Rummy 500 is a very well known card game that’s extremely popular throughout Canada, the US, and beyond. Part of the Melding Family of card games, players strive to play, or meld, cards in their hand for points, receiving negative points for unmelded cards.
The game goes by a wide range of names. The term Rummy 500 (aka 500 Rummy) relates to the target score of 500 to win. It’s also known as 500 Rum, Joker Rummy, Gin Rummy (although that title truly belongs to a different variant), or simply Rummy.
Rules of Rummy 500
Rummy 500 is a game for 2 to 8 players. With up to four players, the game is played with a complete 54-card deck (including jokers). For 5+ players, two decks (108 cards) is required.
Melding Sets & Runs
The object of 500 Rummy, as with all basic Rummy variants, is to get rid of all your cards by melding them onto the table. Melds are placed face up in front of the player, and include Sets and Runs.
Sets: A set is 3 or more cards of the same value, such as 3♣–3♥–3♠, J♦–J♠–J♥, or A♣–A♠–A♦.
Runs: A run is a sequence of 3 or more same-suit cards, such as 3♥–4♥–5♥ or Q♣–K♣–A♣. A valid run can start as low as A-2-3… and range as high as …Q-K-A. It can not rotate from one end to the other, as in Q-K-A-2-3. This is not a valid run.
Jokers: Jokers are basic wild cards in 500 Rummy. They can represent any card necessary to complete or extend a meld. Note that, when used in a run, the player must signify the joker’s value, and it cannot be changed thereafter. If 3♥–4♥–J$ is melded, the player signifies the J$ is the 5♥. Another player can lay off 6♥ on this meld, but cannot move the joker the other end (representing 2♥) to play A♥.
Laying Off Cards
Once a player has melded, they are capable of playing additional cards upon the melds of other players. This is called Laying Off.
Players lay off cards by extending the sets and runs of their opponents. For instance, if Player A melds 3♣–3♥–3♠, and Q♣–K♣–A♣, Player B (once melded) can play the 3♦ on Player A’s set, and the J♣ on the run.
The player who is laying off the card will announce what meld it belongs to, but will keep the card on their side of the table, instead of playing it directly on the meld. This is necessary to calculate score, as the player who lays off the card gets the points for it.
The point values for each card rank are as follows:
Aces: 15 points, unless at the low-end start of a run (A♥–2♥–3♥). In this case, the Ace is only worth 1 point.
Joker: 15 points
Face Cards (J-Q-K): 10 points
Number Cards (2-9): their respective value (2 for 2, 3 for 3, 4 for 4, etc.)
When a hand is over, each player will add up the points for all cards in their own melds. They will then add points remaining in their hand (if any), and subtract that total from the melded total. This becomes the player’s score for that hand.
For example, you meld A-2-3-4, 7-7-7, and 9-J$-J-Q, for 75 positive points. You have 5-8-Q-Q left in your hand, for 33 negative points. Subtract 33 from 75, and your total score for the hand is +37. If your negative score is higher than your positive score, you will generate a negative score for the hand.
Dealing Rummy 500
For 2 player games, the dealer will deal 13 cards to each player. In games with 3+ players, each is dealt 7 cards. The remainder of the deck becomes the stock pile for drawing, placed face down in the center of the table. The top card is turned face up next to the stock pile to start the discard pile.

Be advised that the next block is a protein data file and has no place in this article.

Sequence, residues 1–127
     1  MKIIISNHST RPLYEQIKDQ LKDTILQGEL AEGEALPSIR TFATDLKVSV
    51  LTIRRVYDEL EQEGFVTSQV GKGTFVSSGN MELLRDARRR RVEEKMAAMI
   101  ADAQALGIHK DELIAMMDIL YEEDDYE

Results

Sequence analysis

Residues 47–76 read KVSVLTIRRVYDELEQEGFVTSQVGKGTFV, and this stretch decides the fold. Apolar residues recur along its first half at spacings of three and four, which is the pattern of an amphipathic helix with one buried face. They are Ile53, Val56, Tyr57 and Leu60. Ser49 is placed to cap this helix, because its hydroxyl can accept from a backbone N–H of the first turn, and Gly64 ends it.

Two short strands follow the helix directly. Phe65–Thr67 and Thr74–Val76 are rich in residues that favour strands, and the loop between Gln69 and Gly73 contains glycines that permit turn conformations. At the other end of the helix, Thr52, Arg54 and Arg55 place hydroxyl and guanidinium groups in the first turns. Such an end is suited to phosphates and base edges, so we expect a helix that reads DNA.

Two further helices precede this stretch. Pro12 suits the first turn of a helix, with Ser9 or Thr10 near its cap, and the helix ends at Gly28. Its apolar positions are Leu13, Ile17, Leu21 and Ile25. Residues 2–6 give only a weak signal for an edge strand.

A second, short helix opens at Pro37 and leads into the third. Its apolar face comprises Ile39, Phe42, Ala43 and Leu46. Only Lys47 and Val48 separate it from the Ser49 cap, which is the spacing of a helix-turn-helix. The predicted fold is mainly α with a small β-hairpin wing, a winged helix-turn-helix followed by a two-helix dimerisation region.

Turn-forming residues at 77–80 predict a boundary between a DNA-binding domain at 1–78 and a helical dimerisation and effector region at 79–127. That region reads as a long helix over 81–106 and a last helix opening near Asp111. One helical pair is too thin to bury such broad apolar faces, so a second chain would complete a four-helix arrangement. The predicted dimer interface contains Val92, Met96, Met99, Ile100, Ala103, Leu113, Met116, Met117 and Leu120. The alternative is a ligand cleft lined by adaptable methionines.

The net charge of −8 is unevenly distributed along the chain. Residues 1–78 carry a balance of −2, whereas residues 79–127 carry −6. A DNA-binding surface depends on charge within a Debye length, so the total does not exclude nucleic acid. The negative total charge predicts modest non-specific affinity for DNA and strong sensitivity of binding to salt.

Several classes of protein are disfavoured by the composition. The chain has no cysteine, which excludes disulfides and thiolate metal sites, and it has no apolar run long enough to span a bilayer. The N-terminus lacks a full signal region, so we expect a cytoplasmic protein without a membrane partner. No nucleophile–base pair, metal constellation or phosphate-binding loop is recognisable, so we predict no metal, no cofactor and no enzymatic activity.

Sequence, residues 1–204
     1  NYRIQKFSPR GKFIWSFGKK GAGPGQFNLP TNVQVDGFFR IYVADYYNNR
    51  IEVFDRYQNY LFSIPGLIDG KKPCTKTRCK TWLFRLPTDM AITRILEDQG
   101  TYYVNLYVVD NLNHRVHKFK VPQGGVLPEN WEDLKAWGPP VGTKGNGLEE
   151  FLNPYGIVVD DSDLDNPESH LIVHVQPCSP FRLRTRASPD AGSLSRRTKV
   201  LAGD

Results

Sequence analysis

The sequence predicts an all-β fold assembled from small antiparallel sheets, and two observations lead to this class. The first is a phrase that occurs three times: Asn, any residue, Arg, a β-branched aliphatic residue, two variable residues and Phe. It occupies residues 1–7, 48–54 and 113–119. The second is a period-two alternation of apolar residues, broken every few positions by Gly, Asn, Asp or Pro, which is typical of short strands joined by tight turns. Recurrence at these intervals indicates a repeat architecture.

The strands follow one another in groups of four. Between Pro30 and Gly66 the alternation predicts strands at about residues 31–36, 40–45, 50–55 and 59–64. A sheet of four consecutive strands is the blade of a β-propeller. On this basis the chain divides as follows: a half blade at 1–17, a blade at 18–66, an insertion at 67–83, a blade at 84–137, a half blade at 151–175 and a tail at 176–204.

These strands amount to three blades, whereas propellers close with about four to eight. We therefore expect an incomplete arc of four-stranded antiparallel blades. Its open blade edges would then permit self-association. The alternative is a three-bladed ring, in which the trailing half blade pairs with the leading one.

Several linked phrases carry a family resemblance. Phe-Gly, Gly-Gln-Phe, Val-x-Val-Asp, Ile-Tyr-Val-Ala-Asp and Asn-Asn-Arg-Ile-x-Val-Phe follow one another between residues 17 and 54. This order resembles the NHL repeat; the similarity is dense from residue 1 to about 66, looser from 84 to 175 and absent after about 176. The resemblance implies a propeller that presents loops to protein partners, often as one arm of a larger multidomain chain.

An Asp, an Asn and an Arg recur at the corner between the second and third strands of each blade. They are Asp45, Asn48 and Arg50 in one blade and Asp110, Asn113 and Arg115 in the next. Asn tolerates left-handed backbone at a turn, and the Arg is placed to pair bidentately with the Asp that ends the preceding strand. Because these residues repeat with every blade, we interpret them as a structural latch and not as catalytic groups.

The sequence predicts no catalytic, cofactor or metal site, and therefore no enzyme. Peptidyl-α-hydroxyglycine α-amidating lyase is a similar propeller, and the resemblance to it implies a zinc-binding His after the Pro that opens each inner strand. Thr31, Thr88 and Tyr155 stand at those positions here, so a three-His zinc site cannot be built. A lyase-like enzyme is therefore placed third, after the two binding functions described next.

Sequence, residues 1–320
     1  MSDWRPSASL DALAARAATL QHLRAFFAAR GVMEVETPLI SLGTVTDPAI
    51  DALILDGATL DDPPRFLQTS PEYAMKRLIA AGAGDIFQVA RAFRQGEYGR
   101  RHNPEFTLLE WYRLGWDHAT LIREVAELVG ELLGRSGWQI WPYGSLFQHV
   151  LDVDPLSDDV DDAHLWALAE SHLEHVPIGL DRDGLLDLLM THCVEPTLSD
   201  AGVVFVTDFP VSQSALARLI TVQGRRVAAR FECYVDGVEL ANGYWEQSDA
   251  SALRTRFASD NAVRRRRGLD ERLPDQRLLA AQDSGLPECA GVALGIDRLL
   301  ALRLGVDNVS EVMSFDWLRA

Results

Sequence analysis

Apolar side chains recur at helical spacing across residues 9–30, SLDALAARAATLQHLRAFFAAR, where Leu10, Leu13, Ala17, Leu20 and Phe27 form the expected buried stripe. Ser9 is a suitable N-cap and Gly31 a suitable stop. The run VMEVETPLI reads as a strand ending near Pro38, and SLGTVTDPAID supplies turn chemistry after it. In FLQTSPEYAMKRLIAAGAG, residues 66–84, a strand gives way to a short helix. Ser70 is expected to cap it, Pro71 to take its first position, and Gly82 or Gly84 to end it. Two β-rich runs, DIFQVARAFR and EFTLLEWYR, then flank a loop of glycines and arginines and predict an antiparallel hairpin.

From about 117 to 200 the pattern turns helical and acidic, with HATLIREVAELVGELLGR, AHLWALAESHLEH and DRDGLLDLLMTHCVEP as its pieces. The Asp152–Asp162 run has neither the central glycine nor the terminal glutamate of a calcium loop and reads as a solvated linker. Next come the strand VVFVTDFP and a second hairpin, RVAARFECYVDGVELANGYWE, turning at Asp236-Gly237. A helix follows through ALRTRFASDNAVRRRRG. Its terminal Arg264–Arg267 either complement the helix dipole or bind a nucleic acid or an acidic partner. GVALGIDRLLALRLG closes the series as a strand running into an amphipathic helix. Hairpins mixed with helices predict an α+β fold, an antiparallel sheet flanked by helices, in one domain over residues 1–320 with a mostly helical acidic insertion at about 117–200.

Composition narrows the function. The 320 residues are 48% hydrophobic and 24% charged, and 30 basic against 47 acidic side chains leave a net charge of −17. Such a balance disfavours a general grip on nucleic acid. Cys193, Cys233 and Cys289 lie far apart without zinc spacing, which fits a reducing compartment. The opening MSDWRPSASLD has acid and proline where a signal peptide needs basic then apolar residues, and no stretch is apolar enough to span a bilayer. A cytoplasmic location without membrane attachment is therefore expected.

Playing the Game
Each player will look at their own cards and arrange their hands as they wish. The player left of the dealer will go first. Each play is a 3 step process; Draw, Meld, Discard.
Draw: The player can draw 1 card from the stock pile, or take at least 1 card from the discard pile. If only drawing the top card from the discard pile, the card can be kept in the player’s hand. If drawing more than one card from the discard pile, the lowest card taken must be melded or laid off. All other cards taken can be held or played.
Meld: Any valid combination of cards can be melded. Once this player melds, he may also lay off cards on other players’ melds. Note that a player is not required to meld just because they can; it’s optional.
Discard: When finished, the player must discard 1 card from their hand onto the discard pile, at which time it’s the next player’s turn.
Play continues in this fashion until:
Player Runs Out of Cards: If a player has no cards left, or discards their final card, the hand is over.
No Stock Pile Left: If the stock pile runs empty, and the next player to act does not choose to draw from the discard pile, or the discard pile is also empty, the game is over.
If a player discards a card that could have been laid off on a meld, or if a card exists further down in the discard pile that could be laid off, any other player may call “Rummy”. This player will draw all cards from the discard pile leading to the meld-able card. It becomes this players turn, even if other players are skipped in the process. They will then lay off that card, and any other melds or lay offs they wish, and discard. Play rotates normally, to the player left of the one who called Rummy.
Scoring and Winning
Once the hand is over, all players will add up their positive and negative points to achieve a total score. The scores are recorded, and a new hand is dealt.
The game continues until a player reaches a cumulative score of 500+. The first to reach 500, or the highest score if two or more players reach 500+ at the same time, wins the game. In the case of a tie, another hand is played until one player achieves the highest score.
Now that you know how to play Rummy 500, there’s a lot more information you may be interested in. Feel free to check out some of our additional materials on this popular Canadian card game.
Variant Rules for Rummy 500
Rummy 500 History
Rummy 500 Strategy
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